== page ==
In this article we will discuss about the humoral immunity of immune response.
The immune system protects the body from potentially harmful substances by recognizing and responding to antigens. Antigens are foreign particles, normally large or small molecules on the surface of cells, viruses, fungi or bacteria. Some non-living substances such as toxins, chemicals, drugs and foreign particles can also be antigens. Substances that contain these antigens are recognized and destroyed by the immune system.
One of the most important immune response is humoral effector response. The effector functions in humoral immunity are mainly mediated by secreted antibodies. It protects body from extra-cellular pathogenic agents by combining with them to form antigen-antibody complex and gradually leads towards their elimination.
Humoral immunity combats extracellular bacteria, fungi and even obligate intra-cellular microbes e.g. viruses; before they infect their target T-cells. Any defect in humoral immunity results in increased susceptibility to infection with bacteria and fungi.
Ways involved in Humoral Immunity:
Humoral effector functions facilitate effective elimination of foreign pathogens from a host animal in a variety of ways.
Antibodies play vital role in elimination of antigenic agents:
(i) The antibody can bind to the surface epitopes of the antigen making it more susceptible to phagocytosis—known as opsonization.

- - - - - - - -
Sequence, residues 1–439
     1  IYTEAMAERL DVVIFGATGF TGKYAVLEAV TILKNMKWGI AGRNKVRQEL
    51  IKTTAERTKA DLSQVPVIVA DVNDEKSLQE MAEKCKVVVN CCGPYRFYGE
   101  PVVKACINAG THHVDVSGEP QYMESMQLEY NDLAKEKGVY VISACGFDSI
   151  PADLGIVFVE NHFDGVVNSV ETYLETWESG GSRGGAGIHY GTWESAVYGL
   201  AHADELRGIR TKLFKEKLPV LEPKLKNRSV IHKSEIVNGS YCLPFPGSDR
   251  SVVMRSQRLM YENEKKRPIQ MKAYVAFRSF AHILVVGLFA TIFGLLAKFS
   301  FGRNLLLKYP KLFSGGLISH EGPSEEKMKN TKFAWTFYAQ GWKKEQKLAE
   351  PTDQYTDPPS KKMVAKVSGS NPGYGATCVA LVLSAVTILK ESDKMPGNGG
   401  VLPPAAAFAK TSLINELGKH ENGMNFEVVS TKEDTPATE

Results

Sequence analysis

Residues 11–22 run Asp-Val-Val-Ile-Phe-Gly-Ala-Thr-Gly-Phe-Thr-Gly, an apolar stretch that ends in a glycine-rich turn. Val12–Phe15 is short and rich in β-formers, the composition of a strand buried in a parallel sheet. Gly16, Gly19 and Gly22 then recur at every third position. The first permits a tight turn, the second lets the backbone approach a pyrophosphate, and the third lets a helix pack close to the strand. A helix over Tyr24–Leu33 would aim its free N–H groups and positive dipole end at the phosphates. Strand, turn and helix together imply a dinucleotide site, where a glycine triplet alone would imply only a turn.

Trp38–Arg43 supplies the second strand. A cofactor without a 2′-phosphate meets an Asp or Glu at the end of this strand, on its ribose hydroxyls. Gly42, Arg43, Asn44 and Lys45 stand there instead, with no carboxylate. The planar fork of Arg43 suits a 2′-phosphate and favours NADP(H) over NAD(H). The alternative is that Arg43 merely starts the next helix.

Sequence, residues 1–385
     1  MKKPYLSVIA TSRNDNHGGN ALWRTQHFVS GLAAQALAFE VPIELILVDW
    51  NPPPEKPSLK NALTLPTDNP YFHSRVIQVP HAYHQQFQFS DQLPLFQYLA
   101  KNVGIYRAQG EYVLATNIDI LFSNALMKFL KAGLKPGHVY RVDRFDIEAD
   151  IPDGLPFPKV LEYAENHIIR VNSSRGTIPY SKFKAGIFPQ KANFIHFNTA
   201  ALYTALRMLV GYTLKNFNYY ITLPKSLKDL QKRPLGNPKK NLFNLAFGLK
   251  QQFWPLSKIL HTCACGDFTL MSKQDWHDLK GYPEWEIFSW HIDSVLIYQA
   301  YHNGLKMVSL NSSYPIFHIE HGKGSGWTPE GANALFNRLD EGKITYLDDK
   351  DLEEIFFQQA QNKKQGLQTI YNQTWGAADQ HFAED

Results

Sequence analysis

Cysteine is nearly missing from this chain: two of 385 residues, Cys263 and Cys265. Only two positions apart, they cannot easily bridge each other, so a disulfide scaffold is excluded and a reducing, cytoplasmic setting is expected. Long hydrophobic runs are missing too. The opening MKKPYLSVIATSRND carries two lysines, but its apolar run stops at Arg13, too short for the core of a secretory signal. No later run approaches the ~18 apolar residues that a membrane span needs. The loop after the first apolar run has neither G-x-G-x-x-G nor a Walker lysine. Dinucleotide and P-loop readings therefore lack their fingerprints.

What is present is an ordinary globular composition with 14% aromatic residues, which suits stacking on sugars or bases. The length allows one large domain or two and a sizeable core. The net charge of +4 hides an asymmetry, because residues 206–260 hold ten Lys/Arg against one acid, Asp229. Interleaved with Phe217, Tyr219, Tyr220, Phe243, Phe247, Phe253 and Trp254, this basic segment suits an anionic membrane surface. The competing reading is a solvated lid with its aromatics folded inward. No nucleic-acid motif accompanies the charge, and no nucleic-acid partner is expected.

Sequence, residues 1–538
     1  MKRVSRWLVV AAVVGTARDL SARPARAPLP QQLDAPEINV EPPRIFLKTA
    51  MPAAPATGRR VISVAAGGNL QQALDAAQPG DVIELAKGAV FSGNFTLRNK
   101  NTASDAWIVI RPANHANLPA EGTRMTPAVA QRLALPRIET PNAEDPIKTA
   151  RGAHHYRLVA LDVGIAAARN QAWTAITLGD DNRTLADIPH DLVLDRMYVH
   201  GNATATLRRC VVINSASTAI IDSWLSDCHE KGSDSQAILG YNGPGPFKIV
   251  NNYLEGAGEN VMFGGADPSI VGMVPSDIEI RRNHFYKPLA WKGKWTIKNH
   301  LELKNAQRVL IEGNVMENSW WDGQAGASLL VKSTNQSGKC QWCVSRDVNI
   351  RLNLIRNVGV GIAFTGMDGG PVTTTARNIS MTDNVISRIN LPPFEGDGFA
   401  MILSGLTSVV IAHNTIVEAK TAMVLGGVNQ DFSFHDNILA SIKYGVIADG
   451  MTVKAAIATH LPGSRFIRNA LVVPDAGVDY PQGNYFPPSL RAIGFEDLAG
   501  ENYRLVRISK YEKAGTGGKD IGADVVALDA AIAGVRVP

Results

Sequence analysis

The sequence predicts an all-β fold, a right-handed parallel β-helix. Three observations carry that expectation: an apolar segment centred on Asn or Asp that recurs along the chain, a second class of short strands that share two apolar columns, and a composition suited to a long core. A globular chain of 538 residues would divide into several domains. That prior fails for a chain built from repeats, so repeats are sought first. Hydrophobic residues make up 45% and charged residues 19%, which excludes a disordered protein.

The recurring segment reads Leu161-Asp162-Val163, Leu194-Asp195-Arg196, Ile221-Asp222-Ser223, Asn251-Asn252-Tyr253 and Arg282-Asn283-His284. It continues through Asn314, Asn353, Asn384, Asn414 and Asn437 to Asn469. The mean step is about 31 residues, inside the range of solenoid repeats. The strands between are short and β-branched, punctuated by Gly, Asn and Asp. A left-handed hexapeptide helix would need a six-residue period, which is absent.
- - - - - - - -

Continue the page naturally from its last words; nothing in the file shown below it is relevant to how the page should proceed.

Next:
(ii) The antibody molecule can bind to the antigen forming an antigen-antibody complex, which then combines with the complement in a step-wise manner to initiate and facilitate phagocytosis of the antigen.
(iii) The antibody can bind to toxin molecules elaborated by microbes making them nontoxic.
(iv) Antibodies can inactivate free virus particles by combining with the epitopes on viral particles to make them incapable of attachment to host cell membranes.
(v) Binding to potential pathogens at mucous membrane surfaces, preventing colonization.
(vi) Binding to Fc (fragment crystalized) receptors on NK cells or macrophages in antibody dependent cell mediated cytotoxicity (ADCC), confirming specificity for antigen.
Humoral Immune Responses:
Most defenses that are mediated by antibody present in the plasma, lymph and tissue fluids are called humoral immune responses. It protects against extra-cellular bacteria and foreign macromolecules. Transfer of antibodies confers this type of immunity on the recipient. Humoral immune responses have an activation phase and an effector phase.
These phases occur as follows (Fig. 10.1):
1. The antigen is taken up by phagocytosis and degraded in a lysosome in an APC, such as a macrophage.
2. A T-cell receptor recognizes processed antigen bound to a class II MHC protein on the macrophage.
3. Cytokines released by the TH cell and IL-1 released by macrophage stimulate the TH cell to produce a clone of differentiated cells capable of interacting with B-cells.
Activation phase occurs in lymphatic tissue.
4. B-cells are also antigen presenting cells. Binding of antigen to a specific IgM receptor triggers receptor mediated endocytosis, degradation and display of the processed antigen on class II MHC proteins.
5. When a TH cell receptor binds to the displayed antigen—MHC II complex on the B cell, it releases cytokines.
6. These cytokines cause the B-cell to produce a clone of B-cells.
7. Now, these B-cells produce antibody secreting plasma cells.